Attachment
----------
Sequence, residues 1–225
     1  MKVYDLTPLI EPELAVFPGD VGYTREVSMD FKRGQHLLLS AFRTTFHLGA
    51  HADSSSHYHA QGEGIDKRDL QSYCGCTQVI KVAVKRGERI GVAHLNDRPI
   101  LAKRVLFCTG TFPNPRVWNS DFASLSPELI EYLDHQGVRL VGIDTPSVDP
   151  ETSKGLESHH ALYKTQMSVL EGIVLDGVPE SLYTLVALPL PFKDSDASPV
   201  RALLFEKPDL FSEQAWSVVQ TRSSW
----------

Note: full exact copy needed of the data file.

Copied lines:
Sequence, residues 1–225
     1  MKVYDLTPLI EPELAVFPGD VGYTREVSMD FKRGQHLLLS AFRTTFHLGA
    51  HADSSSHYHA QGEGIDKRDL QSYCGCTQVI KVAVKRGERI GVAHLNDRPI
   101  LAKRVLFCTG TFPNPRVWNS DFASLSPELI EYLDHQGVRL VGIDTPSVDP
   151  ETSKGLESHH ALYKTQMSVL EGIVLDGVPE SLYTLVALPL PFKDSDASPV
   201  RALLFEKPDL FSEQAWSVVQ TRSSW